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Magentism in general is mind blowing. Even more so if you think about it from the point of view of the magnet. The relativistic interchangeability of magnetic and electric fields under coordinate transformation is another head banger, but so beautiful when you see the math. Crazy.

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I've heard magnets work well for that.
Is magnetism the only way to move an electron?
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Old 07-12-2019, 08:06 AM   #30
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I just want to remind everyone that CoolWill is my second account.
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Old 07-12-2019, 08:19 AM   #31
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Is magnetism the only way to move an electron?
It's not the only way, but it's apparently the best way. Electrons have mass and inertia, so they can be mechanically moved like billiard ball's. But they are also charged, so they "feel" and interact with every other electric field around it. In other words, they are hard to grab and move like billiard balls. You can move them with heat. Thermal electrons are what makes stuff hot. Turns out that being a good electrical conductor makes you a good heat conductor for the very same reason. But moving electrons with heat is very involved and messy.

So if heating electrons sucks, and you can't mechanically herd them, the only thing left to do is interact with their charge. Magnetism influences electric charge when one field moves in relation to the other. And it does so through empty space with no physical connection. That's pretty badass. External electric fields, like the poles of a battery, also move electrons. But we already know that.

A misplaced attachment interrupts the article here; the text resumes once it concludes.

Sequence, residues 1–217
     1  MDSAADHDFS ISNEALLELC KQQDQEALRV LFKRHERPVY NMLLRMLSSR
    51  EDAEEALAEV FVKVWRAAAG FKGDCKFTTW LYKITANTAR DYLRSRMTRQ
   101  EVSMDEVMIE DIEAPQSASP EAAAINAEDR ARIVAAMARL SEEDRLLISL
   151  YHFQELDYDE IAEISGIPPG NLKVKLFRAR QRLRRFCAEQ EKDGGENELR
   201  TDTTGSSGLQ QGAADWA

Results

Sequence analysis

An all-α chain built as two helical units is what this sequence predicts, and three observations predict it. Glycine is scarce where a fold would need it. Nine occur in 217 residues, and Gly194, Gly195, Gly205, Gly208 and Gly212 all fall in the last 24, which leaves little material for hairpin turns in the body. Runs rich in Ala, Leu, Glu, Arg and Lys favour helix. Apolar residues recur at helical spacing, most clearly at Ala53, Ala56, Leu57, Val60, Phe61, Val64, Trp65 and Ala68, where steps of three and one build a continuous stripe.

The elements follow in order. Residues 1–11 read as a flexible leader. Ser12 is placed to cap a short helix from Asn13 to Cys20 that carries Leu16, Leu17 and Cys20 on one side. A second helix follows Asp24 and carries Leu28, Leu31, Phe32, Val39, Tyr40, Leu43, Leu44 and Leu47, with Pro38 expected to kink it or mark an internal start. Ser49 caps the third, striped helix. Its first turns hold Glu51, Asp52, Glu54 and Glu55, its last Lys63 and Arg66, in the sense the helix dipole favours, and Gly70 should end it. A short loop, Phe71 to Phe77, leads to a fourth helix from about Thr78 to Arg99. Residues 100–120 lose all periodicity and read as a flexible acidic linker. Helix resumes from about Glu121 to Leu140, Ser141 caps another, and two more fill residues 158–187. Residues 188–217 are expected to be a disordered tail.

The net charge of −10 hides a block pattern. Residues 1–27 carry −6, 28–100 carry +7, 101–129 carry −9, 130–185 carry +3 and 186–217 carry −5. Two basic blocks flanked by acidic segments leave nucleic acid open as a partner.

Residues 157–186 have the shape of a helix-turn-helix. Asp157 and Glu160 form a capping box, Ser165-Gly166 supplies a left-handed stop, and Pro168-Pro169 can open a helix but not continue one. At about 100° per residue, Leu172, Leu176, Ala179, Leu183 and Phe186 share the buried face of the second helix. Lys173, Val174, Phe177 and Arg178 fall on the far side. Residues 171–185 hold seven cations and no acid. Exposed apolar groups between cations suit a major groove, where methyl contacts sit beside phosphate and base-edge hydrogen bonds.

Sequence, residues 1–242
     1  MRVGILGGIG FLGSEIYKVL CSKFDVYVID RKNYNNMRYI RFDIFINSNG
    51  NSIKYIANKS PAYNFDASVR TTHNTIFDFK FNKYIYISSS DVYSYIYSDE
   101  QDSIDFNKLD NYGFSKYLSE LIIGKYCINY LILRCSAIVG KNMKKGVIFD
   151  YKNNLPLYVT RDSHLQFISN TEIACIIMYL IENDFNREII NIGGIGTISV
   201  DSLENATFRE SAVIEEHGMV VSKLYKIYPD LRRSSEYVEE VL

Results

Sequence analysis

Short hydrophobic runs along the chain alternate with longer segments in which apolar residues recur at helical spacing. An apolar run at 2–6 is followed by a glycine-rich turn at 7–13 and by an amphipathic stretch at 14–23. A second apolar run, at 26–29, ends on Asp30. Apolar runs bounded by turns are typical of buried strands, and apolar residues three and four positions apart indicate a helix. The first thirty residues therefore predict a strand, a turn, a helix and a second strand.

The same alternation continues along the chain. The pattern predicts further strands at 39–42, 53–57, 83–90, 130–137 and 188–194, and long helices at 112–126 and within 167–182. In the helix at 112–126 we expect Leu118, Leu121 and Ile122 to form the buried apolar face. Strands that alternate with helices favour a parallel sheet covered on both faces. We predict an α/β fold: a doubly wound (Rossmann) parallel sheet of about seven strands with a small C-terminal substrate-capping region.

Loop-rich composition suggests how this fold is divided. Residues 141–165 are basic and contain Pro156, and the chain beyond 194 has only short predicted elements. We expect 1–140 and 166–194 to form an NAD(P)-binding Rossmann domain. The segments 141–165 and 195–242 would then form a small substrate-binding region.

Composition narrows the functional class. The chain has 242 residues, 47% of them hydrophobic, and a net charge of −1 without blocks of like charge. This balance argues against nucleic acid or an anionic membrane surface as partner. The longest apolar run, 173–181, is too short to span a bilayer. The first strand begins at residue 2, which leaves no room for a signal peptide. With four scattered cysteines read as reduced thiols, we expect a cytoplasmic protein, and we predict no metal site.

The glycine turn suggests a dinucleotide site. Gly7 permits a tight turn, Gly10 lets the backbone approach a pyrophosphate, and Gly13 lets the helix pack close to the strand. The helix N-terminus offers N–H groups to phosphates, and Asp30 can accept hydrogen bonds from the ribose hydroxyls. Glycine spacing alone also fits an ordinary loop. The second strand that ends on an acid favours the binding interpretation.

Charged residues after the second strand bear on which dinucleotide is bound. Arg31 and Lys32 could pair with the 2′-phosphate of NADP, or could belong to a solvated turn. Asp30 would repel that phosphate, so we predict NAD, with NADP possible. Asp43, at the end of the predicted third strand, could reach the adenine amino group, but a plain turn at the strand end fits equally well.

I think, as far as electricity in conductors goes, its already as dirt simple and efficient as it can be, barring lab condition superconductors. But the energy it takes to move electrons in conductors, that's the real issue. I don't believe in the idea of perpetual motion. In my view, the universe is a closed system. Nothing leaves, nothing enters. There is a fixed amount of energy in the universe. If there were some infinite wellspring of energy, and there were ANY way for us to tap it, then it would also appear in nature. The universe would be a very different place than it is by observation.
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Old 07-12-2019, 08:35 AM   #32
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This is all mescaline talk. I want me a ham sandwich. With mustard.
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Old 07-12-2019, 08:58 AM   #33
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So if heating electrons sucks, and you can't mechanically herd them,